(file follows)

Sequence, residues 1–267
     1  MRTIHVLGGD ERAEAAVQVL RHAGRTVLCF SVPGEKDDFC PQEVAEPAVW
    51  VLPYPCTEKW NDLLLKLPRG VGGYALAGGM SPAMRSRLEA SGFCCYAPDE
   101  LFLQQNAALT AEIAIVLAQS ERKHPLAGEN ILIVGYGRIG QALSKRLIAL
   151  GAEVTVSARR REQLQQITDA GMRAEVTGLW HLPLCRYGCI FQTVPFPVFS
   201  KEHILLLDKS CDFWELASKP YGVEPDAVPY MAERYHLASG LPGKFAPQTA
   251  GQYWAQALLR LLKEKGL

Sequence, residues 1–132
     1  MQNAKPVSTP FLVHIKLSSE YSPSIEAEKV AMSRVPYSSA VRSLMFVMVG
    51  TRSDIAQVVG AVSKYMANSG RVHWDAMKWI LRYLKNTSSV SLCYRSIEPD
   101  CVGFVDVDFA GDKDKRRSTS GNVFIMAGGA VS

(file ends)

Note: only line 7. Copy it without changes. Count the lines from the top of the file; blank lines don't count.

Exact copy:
   251  GQYWAQALLR LLKEKGL